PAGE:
During a conference meeting last week, Mobile County commissioners discussed a $50,000 proposal to address fresh leaks at Government Plaza in downtown Mobile — a problem that has persisted for decades and has already cost the county millions of dollars.

The latest request was presented on the agenda as a fix for “water intrusion.” When Assistant County Engineer Brian Kegley was asked to clarify the problem, he said, “Mother Nature is getting into this building.”

According to Kegley, the “leakage” is affecting the 10th, 5th and 3rd floors in the building, including areas upgraded in a $1 million suite of renovations the county completed earlier this year.

Since construction was completed on the $73 million, 581,000-square-foot building in 1994, rainwater leaking through the roof has remained an issue. In 2012, the county awarded a $3.1 million contract to Team-Craft Roofing Inc. to address persistent leaks in the building’s atrium, though after delays in the project, another $235,000 was added via change orders.

Those repairs came with a 20-year guarantee from the contractor, and according to county spokesperson Katherine Eddy the agreement is holding up because the current “water intrusion” isn’t originating from the atrium or roof area.

“This is coming from the window curtain wall, which just means the wall of windows going down the side of the building,” Eddy said. “This is a professional services contract to develop the project and figure out what needs to be done to solve the problem.”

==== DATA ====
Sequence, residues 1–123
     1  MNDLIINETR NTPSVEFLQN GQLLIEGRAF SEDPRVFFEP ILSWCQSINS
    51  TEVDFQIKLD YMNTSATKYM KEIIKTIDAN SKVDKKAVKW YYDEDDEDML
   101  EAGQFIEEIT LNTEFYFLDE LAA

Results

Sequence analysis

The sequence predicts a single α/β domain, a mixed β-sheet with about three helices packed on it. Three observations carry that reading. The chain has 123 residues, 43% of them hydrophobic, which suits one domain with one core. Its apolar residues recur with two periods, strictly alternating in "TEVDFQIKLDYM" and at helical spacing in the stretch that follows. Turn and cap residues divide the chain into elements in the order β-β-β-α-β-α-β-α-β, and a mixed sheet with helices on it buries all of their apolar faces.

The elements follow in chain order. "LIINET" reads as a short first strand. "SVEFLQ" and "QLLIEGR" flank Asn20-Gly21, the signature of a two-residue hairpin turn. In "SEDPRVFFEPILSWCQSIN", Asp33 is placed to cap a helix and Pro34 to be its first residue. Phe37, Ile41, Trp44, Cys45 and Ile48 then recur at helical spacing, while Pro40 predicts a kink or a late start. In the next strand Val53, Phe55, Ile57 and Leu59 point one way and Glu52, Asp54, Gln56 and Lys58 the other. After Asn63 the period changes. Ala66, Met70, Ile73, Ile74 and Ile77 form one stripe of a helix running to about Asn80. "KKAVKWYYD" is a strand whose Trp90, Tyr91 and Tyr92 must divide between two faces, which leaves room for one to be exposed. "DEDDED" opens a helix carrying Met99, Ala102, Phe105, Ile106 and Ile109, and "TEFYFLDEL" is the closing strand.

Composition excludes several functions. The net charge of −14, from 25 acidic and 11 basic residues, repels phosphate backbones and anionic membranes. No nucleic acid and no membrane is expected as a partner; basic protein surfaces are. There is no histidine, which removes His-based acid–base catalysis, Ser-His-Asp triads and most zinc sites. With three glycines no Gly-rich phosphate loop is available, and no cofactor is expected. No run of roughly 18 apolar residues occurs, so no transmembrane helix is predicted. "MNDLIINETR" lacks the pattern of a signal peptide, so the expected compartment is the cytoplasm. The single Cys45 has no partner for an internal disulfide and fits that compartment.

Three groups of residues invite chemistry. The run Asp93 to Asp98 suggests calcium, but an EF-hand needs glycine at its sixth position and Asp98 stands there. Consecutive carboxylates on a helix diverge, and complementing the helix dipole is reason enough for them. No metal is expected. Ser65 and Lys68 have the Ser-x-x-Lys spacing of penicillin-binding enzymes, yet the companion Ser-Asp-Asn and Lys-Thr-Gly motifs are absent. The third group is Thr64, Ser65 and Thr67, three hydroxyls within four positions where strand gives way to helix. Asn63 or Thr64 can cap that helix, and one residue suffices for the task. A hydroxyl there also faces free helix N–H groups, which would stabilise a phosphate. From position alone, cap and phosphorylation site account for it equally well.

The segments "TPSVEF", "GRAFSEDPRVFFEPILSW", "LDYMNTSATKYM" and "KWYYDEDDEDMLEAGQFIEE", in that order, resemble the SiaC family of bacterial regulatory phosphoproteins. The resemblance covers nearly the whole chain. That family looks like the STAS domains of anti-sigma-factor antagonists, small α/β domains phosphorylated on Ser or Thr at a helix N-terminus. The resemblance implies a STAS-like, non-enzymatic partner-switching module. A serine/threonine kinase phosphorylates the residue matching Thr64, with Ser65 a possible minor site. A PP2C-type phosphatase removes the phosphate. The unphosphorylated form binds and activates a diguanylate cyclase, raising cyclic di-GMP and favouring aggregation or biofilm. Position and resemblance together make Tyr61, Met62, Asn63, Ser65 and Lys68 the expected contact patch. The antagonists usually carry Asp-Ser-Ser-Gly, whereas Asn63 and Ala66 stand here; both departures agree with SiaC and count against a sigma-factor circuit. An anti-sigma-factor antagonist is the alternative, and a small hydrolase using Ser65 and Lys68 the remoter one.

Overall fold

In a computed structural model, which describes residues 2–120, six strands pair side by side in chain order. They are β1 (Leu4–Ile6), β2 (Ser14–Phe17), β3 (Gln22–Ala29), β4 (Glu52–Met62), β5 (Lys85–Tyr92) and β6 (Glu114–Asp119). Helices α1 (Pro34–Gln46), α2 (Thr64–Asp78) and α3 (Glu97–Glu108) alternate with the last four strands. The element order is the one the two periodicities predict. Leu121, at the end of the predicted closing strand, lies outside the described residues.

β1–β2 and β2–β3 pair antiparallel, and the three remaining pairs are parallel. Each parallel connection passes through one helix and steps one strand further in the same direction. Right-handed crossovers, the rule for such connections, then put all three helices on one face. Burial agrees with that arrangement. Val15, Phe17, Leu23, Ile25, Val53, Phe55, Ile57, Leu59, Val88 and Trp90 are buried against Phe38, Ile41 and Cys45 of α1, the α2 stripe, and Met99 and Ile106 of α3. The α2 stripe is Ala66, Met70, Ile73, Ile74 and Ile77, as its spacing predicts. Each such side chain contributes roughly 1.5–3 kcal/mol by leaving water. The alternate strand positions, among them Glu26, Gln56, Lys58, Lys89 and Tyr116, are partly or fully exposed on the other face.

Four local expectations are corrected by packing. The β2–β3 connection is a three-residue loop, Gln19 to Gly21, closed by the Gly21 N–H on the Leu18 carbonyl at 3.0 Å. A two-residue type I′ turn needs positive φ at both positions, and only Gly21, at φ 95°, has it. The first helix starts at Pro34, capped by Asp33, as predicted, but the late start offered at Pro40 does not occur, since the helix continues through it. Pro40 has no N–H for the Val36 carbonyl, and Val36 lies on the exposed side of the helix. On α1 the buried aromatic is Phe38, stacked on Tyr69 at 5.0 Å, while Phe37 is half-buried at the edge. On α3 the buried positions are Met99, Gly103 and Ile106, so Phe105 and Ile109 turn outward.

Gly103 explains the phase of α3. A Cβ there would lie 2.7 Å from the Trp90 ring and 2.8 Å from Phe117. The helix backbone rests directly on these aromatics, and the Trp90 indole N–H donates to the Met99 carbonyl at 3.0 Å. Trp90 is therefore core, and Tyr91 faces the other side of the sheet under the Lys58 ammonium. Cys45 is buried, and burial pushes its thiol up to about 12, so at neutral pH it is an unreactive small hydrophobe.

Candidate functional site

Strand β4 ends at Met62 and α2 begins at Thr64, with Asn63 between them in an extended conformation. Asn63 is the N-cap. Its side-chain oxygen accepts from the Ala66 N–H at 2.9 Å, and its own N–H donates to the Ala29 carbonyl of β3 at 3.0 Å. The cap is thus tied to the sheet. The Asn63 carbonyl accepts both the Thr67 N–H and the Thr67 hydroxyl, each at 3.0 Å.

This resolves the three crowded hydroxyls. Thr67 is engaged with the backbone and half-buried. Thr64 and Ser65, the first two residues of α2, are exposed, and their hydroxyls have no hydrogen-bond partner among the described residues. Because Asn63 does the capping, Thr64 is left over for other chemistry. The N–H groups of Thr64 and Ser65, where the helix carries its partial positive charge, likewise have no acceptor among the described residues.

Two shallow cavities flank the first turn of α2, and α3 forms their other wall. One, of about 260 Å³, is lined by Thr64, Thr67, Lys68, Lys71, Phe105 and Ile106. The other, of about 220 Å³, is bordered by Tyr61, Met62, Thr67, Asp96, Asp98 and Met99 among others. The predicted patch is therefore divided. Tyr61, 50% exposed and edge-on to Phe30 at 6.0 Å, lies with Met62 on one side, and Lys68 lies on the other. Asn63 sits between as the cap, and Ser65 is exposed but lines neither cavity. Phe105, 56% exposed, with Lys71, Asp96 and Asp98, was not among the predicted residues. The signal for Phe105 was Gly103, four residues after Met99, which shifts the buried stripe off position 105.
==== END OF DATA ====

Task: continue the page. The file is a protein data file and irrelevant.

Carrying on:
The county is considering awarding the $50,000 contract to The Architects Group Inc., who would then submit plans to address the current leaks coming through some of the building’s windows.

County considers upgrades to city park
Also on Thursday, commissioners briefly discussed using $50,000 of the county’s capital improvement funds to construct a basketball court at Herndon Park — often referred to as Sage Park — at the corner of Sage Avenue and Dauphin Street.

If approved, the court would be constructed through a joint contract with the city of Mobile, which owns the park. However, in the past the county purchased a roughly 5 percent interest in Herndon Park, allowing municipal bond revenue to be used for improvements that government entities are normally limited to using on improvements to their own assets.

This is far from a new practice in Mobile County. It’s fairly routine for commissioners to enter into agreements with smaller municipalities in the county as well as the boards of public school systems. As a result of the county securing a small interest in those properties, the commission has been able to provide financial assistance to a significant number of public projects in the past.

Anticipating future contributions toward improvements at the Mount Vernon Senior Center, commissioners will vote on taking a similar 5 percent interest in that property at their next meeting.